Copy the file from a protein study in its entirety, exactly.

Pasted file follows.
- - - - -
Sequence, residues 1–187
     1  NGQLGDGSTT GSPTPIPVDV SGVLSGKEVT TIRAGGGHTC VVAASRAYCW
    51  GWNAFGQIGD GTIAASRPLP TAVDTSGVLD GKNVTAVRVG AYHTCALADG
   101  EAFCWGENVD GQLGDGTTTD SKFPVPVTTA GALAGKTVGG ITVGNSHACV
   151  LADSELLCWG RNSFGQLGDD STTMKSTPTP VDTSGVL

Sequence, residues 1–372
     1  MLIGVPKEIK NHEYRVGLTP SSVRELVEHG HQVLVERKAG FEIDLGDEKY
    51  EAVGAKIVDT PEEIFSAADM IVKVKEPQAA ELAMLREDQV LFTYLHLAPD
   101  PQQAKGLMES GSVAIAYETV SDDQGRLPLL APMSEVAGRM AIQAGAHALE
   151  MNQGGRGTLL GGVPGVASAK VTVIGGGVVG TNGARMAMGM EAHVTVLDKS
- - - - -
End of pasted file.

Sequence, residues 1–187
     1  NGQLGDGSTT GSPTPIPVDV SGVLSGKEVT TIRAGGGHTC VVAASRAYCW
    51  GWNAFGQIGD GTIAASRPLP TAVDTSGVLD GKNVTAVRVG AYHTCALADG
   101  EAFCWGENVD GQLGDGTTTD SKFPVPVTTA GALAGKTVGG ITVGNSHACV
   151  LADSELLCWG RNSFGQLGDD STTMKSTPTP VDTSGVL

Sequence, residues 1–372
     1  MLIGVPKEIK NHEYRVGLTP SSVRELVEHG HQVLVERKAG FEIDLGDEKY
    51  EAVGAKIVDT PEEIFSAADM IVKVKEPQAA ELAMLREDQV LFTYLHLAPD
   101  PQQAKGLMES GSVAIAYETV SDDQGRLPLL APMSEVAGRM AIQAGAHALE
   151  MNQGGRGTLL GGVPGVASAK VTVIGGGVVG TNGARMAMGM EAHVTVLDKS